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Greater Market Share does not always mean Better Product

(This was originally posted 20 July 2011 on my old blog, posts from which I'm moving to Google+)

Use of a particular operating system on any platform is largely a matter of personal choice. Sometimes, that choice is made by a business or corporation on behalf of their employees, and other times, individuals can make the choice themselves. I’m often seen tweeting or facebooking the virtues of Apples operating systems and products, often citing increased sales statistics or my own experiences in my message that Apples products give me a better experience than any of the alternatives. However, I often see mention that Android must be better because it has a higher market share. Or Windows is king because it has a higher market share. Higher market share does not always mean better product. A number of variables play part in determining market share. There are many cases where a product with lower market share, is simply the better product.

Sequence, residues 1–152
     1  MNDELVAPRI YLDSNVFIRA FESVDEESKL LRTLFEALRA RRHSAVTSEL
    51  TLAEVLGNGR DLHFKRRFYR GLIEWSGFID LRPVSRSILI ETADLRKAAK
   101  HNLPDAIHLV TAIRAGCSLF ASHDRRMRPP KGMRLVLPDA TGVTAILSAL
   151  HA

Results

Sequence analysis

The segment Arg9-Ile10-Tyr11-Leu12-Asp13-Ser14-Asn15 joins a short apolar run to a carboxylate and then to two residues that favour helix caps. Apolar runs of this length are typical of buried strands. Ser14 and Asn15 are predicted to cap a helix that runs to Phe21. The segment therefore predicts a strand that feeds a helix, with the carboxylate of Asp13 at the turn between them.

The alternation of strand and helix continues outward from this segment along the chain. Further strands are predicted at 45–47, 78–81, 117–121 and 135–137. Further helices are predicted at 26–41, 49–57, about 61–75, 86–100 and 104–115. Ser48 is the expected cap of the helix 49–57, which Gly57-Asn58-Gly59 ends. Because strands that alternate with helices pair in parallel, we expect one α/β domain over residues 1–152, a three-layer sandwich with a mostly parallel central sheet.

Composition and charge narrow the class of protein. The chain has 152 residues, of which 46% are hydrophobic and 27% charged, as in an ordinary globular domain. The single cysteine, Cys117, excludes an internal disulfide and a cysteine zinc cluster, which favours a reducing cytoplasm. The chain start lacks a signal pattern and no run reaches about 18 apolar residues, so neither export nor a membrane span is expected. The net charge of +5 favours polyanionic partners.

I will use the analogy of the car market. Australias #1 selling car, the Holden Commodore, sold 45,956 cars in 2010 (in Australia). Ferrari, on the other hand, sold 6,573 cars last year (worldwide). That’s an almost 7 times increase between one model of car from one manufacturer compared to every single car sold from another. A classic example of a better product (in terms of experience, luxury, and in most cases performance) having a lower market share than a competing product.

It is not business rocket science for a vendor to saturate a market with cheap product and grow market share. Selling cheap android handsets is a clear example of this. Numerous reviews have showcased the horrible experience a cheap android product provides. Yet, people continue to quote Androids stunning market share growth as a clear example of a superior product. Not so.